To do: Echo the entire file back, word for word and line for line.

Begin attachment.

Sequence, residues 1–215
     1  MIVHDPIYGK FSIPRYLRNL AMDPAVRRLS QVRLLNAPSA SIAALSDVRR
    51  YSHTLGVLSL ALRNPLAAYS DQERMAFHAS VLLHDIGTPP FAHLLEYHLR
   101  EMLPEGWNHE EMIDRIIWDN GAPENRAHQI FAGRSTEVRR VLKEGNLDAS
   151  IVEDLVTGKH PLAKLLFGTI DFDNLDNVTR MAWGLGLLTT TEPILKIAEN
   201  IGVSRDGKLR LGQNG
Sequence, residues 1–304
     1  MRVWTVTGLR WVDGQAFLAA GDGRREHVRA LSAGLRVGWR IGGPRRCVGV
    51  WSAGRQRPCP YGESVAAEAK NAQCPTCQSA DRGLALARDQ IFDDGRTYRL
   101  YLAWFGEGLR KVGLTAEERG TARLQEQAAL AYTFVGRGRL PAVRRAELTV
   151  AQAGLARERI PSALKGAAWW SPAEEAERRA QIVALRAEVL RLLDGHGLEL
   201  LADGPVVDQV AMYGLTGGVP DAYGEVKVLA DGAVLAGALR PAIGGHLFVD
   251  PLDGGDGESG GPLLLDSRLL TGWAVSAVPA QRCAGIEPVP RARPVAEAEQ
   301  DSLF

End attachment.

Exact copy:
Sequence, residues 1–215
     1  MIVHDPIYGK FSIPRYLRNL AMDPAVRRLS QVRLLNAPSA SIAALSDVRR
    51  YSHTLGVLSL ALRNPLAAYS DQERMAFHAS VLLHDIGTPP FAHLLEYHLR
   101  EMLPEGWNHE EMIDRIIWDN GAPENRAHQI FAGRSTEVRR VLKEGNLDAS
   151  IVEDLVTGKH PLAKLLFGTI DFDNLDNVTR MAWGLGLLTT TEPILKIAEN
   201  IGVSRDGKLR LGQNG
Sequence, residues 1–304
     1  MRVWTVTGLR WVDGQAFLAA GDGRREHVRA LSAGLRVGWR IGGPRRCVGV
    51  WSAGRQRPCP YGESVAAEAK NAQCPTCQSA DRGLALARDQ IFDDGRTYRL
   101  YLAWFGEGLR KVGLTAEERG TARLQEQAAL AYTFVGRGRL PAVRRAELTV
   151  AQAGLARERI PSALKGAAWW SPAEEAERRA QIVALRAEVL RLLDGHGLEL
   201  LADGPVVDQV AMYGLTGGVP DAYGEVKVLA DGAVLAGALR PAIGGHLFVD
   251  PLDGGDGESG GPLLLDSRLL TGWAVSAVPA QRCAGIEPVP RARPVAEAEQ
   301  DSLF